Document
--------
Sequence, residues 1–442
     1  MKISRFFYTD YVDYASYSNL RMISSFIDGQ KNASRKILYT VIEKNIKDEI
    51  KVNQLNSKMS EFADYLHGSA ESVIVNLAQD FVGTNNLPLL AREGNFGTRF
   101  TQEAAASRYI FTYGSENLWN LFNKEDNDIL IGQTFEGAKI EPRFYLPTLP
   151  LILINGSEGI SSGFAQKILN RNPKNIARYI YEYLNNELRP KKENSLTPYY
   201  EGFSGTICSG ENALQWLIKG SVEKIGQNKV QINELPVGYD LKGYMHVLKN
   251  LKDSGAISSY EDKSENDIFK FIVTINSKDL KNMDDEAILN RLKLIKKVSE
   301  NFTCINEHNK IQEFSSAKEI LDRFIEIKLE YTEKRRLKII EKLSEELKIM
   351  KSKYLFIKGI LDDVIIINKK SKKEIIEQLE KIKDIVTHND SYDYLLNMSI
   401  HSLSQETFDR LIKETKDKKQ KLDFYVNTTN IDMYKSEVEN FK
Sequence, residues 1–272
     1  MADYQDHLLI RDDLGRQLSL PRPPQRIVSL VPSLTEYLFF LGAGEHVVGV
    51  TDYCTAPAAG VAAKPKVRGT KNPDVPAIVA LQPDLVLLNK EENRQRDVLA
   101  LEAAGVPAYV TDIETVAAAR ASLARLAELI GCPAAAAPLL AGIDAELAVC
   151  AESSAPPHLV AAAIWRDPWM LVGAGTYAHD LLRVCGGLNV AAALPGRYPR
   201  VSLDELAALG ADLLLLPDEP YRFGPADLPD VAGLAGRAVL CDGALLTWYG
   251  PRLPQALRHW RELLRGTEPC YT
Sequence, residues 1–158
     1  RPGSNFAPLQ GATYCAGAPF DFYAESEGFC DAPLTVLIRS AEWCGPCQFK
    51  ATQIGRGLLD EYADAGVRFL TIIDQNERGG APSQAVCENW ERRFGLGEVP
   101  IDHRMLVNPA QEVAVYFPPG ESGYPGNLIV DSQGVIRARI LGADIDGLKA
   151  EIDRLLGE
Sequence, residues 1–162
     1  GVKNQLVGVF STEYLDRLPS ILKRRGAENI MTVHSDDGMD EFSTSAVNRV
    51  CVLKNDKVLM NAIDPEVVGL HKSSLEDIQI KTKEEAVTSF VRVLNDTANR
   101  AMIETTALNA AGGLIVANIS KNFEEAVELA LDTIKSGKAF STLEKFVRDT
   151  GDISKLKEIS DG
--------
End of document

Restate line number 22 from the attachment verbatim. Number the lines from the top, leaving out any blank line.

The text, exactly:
   151  EIDRLLGE